It’s a question that’s been put to me time and time again – and I’ve asked it myself when in various journalism job and up until now, I’ve wondered if perhaps Oli Norman of Dada had a point when he bemoaned the lack of Scottish PR talent.
Now I don’t know every PR person in Scotland, but I know there are a helluva lot of good operators up here and I consider myself lucky to have learned or worked with a lot of them, but ultimately a lot of journalists still think PR output is crap – in fact they would use stronger words.
A lot of reporters and news editors moan about the quality of news releases – and this has been bugging me because a lot of ex-reporters are now PR types, so surely the one thing you could count on would be a decent press release.
Well, no, as it turns out.
I’ve seen lots of reporters come into PR over the last few years and asked them – after they’ve written it – if they would use their own release and the answer, more often than expected has been ‘naw’.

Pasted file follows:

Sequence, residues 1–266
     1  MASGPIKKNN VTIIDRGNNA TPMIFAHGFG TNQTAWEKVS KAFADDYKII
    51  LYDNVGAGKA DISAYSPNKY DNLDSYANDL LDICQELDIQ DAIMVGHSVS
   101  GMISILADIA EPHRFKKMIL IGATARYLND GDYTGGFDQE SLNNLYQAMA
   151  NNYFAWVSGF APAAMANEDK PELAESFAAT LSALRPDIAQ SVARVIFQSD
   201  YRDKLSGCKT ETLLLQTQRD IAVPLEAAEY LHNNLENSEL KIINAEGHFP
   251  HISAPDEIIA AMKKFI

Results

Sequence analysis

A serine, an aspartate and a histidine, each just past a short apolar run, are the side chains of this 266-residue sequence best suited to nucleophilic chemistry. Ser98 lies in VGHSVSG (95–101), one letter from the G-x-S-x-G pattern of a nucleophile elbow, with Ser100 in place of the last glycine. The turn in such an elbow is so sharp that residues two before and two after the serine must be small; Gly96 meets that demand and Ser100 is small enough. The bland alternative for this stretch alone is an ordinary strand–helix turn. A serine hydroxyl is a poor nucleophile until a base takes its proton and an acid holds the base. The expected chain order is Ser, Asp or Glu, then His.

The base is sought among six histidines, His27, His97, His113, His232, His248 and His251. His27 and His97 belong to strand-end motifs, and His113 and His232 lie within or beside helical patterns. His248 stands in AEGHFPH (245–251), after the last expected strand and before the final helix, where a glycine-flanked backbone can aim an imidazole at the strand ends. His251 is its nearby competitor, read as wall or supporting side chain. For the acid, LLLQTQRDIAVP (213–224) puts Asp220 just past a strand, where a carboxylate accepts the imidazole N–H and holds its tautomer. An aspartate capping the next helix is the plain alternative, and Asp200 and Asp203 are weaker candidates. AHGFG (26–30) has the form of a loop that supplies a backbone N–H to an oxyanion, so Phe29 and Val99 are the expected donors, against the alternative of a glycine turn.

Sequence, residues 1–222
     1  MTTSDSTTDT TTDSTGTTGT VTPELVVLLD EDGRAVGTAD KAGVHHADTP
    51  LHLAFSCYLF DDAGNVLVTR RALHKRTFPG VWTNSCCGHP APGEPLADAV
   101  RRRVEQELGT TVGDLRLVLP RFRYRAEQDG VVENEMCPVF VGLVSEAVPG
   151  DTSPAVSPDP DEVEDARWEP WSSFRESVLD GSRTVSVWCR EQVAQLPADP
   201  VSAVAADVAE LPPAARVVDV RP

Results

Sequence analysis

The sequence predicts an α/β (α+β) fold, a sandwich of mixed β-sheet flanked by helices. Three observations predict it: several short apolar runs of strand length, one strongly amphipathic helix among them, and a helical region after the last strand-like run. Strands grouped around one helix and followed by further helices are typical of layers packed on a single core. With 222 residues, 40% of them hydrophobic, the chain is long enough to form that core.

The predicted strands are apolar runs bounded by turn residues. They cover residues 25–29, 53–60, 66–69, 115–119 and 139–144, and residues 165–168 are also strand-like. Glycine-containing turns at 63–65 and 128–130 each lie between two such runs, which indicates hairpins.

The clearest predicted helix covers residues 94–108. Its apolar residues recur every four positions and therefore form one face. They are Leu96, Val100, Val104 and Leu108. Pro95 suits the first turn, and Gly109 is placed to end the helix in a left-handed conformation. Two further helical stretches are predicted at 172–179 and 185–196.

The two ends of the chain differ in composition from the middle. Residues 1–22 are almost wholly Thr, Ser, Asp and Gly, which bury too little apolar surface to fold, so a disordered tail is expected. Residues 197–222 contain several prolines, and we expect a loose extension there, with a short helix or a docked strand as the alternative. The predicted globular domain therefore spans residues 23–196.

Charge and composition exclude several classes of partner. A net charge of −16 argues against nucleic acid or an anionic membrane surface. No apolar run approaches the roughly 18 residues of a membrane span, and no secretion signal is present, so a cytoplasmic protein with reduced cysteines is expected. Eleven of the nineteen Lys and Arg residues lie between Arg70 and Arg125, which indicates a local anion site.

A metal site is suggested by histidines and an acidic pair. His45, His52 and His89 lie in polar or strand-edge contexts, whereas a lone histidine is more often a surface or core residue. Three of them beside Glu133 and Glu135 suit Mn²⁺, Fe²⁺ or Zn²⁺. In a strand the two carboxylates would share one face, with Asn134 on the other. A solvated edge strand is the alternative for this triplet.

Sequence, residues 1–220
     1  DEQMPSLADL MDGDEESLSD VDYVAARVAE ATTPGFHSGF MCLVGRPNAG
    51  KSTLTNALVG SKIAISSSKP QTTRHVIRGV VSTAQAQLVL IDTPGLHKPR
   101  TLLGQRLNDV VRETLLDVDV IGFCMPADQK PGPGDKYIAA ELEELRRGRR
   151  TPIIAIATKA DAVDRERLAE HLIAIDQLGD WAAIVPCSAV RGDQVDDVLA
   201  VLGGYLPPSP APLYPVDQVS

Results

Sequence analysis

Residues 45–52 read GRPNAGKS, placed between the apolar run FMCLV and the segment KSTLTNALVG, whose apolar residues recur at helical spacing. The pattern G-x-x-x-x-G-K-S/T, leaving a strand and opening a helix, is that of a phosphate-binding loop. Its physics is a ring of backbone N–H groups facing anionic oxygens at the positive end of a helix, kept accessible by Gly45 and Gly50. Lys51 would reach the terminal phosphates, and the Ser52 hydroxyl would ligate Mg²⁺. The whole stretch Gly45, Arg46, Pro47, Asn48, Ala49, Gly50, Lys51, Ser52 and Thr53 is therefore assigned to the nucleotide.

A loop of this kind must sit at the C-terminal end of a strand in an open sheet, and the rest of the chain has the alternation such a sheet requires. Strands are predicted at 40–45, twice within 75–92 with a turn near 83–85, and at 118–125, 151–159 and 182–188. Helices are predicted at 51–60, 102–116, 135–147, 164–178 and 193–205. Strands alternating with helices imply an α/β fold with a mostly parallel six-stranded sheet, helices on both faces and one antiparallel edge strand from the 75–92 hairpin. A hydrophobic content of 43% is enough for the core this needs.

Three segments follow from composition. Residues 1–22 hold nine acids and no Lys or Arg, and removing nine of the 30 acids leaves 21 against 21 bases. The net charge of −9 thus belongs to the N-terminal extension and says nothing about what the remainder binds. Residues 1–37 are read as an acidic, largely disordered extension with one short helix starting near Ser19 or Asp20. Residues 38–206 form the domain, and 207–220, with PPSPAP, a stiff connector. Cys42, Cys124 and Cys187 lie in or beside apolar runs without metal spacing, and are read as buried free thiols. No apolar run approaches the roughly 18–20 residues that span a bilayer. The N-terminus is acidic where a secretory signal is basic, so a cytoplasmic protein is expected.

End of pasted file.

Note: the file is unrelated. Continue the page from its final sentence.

And why? Most common answer was that the release was about what they saw as a non-story (but one the client had demanded a release about), however the second point was more telling: it was written like a press release and not a news story.
Upon further probing, it transpired that the hacks-turned-flacks were writing what they thought was press release style – based on what they had been handed/seen in the newsrooms they had worked in.
So while there might be a lot of talent up here now, the sins of sloppy writing in the past are still impacting on the trade today.
In closing then, a tip for hacks who jump over: a press release for a news page should be written like a news story for the publication you are aiming for.
Do that and at some point I can guarantee your release will be cut and pasted straight in with just a byline (never yours mind) added on.